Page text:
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Once again, clover is a good thing

Correction: Due to incorrect information provided by a source, a June 24 article on clover incorrectly identified the active ingredient in Roundup, an over-the-counter weed killer. The active ingredient is glyphosate.

Ever heard the old saying about a lucky rabbit's foot not being very lucky for the rabbit? Well, the clover on your lawn -- both the three-leaf and the supposedly charmed four-leaf varieties -- probably knows exactly how that bunny feels.

Once a prized ground cover and grazing material for animals (clover contains more protein than other grasses), clover was no match for the marketing forces of lawn chemical companies who rebranded it as a noxious weed in the years after World War II.

But that thinking is slowly changing, lawn-care specialists say.

In the 1940s, clover was considered an acceptable part of the suburban lawn. It made sense, because clover and most lawn grasses enjoy a good relationship. Unlike grass, which greedily sucks the crucial nutrient nitrogen out of the earth and can reduce rich topsoil to moon dust in a matter of years if left to its own devices, clover takes its nitrogen from the air.

The clover fixes the nitrogen from the air in the soil around it, where it can be used by the grass growing nearby. When it dies or is cut and mulched, clover becomes a nice bit of nitrogen-rich compost, just like other grass clippings.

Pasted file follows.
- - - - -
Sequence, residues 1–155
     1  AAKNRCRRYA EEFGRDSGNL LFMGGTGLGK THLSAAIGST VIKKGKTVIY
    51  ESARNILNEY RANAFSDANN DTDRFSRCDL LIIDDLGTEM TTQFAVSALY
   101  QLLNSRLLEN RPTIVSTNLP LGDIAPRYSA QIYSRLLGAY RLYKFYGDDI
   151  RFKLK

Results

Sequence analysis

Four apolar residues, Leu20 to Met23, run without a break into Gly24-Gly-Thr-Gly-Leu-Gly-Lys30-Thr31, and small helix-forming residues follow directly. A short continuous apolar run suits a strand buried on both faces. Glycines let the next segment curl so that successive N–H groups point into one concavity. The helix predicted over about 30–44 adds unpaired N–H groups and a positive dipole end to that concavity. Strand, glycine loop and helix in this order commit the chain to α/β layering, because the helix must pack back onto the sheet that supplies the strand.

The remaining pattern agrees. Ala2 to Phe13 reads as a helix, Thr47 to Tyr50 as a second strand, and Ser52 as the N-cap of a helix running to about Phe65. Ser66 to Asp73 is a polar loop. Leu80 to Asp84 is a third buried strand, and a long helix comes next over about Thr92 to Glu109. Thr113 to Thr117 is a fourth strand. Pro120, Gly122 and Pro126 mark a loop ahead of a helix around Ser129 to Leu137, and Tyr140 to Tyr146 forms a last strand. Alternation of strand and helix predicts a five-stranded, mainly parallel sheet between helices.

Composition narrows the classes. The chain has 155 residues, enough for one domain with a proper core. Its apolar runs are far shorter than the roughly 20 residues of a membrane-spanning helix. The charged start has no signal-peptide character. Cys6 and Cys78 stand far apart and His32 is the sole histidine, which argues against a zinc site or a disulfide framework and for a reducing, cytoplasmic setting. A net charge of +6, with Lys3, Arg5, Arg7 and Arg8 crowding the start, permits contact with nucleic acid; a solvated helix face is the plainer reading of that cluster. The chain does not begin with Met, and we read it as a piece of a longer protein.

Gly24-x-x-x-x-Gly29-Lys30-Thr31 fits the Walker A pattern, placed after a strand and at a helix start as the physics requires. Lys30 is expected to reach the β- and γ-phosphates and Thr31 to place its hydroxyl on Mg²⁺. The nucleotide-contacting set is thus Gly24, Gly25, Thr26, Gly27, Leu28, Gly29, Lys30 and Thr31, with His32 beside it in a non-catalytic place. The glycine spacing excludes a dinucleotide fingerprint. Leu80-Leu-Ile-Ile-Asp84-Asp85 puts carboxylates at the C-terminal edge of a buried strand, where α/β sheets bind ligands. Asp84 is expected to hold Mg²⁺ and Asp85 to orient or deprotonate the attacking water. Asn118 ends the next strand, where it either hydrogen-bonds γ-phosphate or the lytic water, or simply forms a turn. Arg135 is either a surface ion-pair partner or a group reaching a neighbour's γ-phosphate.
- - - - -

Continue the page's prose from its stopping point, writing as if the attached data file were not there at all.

Then, in the late 1940s, along came 2,4-dicholorophenoxyacetic acid , a chemical weed killer that was hailed as a breakthrough and became a component of herbicides ranging from the Vietnam War era's infamous Agent Orange to current popular home-use brands such as Roundup and Halts .

"Clover was part of the traditional lawn," says Bill Winter , the longtime lawn-care buyer at Russell's Garden Center in Wayland. "Then we started the whole better-living-through-chemicals thing. They discovered that the new herbicides also killed clover, so the herbicide had to be a good thing and clover became a weed."

Beyond putting nitrogen back into the soil, another benefit of clover is that it acts as sort of an "early-warning system" for potential lawn trouble, said John Packard , the owner of the New Hampshire-based Cockadoodledoo organic lawn-care company.

In healthy soil, most grass can out compete and control clover, but in depleted and nitrogen-poor soil, clover will gain the upper hand.

"When a lot of clover appears, you know your soil is in trouble," Packard said.

Clover is even a boon for those hard-luck bunnies.

Rabbits are so fond of clover, garden experts say, that if you determine where their dens are and grow a patch of clover between their homes and your vegetable garden, they'll never make it to your beans and carrots.

RALPH RANALLI

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